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Independence Day: More than parades, fireworks, barbecues

People think of family get-togethers, barbecues, parades, concerts and fireworks on the Fourth of July. We display U.S. flags to show our patriotism and pride for this country on that day.

But the reason for celebrating the Fourth of July, also known as Independence Day, sometimes is lost in all our planning and activities.

A federal holiday, the Fourth of July is when we celebrate America’s independence from the British empire.

According to historical information, July 4 is the anniversary of the adoption of the Declaration of Independence by the Continental Congress, a governing body comprising delegates from the 13 American colonies. This document, mainly written by Thomas Jefferson, officially declared the United States of America’s independence from British rule.

Actually, the document was voted on July 2, 1776, two days before July 4.

On July 4, 1776, the Second Continental Congress adopted the Declaration of Independence with a few revisions. John Hancock, president of the Congress, was the first person to sign the document on July 4. Nearly a month later on Aug. 2, 1776, the delegates began signing the document.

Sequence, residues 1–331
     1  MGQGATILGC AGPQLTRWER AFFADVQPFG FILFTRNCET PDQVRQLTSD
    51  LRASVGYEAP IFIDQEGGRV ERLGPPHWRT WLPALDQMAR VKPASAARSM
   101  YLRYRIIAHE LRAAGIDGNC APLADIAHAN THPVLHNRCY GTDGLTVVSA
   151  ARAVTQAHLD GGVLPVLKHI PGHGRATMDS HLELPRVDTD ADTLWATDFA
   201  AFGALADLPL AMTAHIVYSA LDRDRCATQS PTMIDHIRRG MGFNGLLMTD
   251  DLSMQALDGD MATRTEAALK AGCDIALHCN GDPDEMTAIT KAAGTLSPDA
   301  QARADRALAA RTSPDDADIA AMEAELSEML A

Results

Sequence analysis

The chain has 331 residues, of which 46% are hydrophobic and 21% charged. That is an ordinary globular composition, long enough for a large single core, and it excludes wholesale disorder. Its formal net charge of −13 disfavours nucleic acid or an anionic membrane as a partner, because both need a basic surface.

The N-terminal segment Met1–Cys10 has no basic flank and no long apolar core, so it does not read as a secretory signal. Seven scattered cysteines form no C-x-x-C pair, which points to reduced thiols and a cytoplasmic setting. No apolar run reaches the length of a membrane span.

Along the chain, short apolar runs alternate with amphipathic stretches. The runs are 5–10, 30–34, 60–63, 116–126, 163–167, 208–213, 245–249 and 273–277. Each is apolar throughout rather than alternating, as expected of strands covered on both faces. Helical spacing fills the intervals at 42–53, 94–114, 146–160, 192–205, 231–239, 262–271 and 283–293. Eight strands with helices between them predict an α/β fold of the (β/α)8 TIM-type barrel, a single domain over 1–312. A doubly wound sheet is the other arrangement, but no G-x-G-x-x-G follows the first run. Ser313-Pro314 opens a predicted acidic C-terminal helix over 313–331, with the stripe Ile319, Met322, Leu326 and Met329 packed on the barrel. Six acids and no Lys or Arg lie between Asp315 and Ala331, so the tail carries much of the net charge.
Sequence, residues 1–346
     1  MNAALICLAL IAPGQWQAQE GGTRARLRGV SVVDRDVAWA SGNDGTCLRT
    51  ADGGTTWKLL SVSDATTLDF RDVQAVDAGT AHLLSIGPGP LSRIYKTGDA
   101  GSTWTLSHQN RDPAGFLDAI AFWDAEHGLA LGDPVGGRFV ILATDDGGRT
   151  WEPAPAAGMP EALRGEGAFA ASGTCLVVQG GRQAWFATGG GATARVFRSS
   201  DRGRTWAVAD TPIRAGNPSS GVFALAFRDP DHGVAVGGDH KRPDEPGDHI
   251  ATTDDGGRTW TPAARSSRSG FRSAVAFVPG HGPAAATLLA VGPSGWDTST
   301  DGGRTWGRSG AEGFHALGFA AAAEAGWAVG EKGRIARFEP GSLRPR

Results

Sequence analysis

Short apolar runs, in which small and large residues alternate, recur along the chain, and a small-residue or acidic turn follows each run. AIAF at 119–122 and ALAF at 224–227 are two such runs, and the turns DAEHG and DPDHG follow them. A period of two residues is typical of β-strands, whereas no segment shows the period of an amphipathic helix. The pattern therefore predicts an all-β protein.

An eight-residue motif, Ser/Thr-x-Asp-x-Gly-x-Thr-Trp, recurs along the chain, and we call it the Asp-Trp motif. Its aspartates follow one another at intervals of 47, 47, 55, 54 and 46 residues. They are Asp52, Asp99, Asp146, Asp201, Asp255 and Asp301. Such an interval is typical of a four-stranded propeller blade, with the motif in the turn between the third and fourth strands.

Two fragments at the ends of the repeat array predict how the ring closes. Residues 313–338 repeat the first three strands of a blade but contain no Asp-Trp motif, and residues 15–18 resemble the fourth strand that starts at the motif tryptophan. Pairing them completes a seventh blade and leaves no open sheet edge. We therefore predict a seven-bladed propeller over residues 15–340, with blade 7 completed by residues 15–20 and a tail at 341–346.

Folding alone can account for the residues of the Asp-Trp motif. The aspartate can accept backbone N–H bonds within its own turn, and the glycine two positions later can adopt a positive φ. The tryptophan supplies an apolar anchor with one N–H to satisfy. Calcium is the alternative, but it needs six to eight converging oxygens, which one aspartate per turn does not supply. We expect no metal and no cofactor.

Our use of fireworks became part of celebrating the Fourth of July, dating back to 1777, when cannons in Boston and Philadelphia lit up the sky 13 times to represent the 13 original colonies. Later on, fireworks replaced cannons.

On this Independence Day, enjoy the day and also remember its historical significance as a day of freedom and the birth of our homeland, the United States of America.

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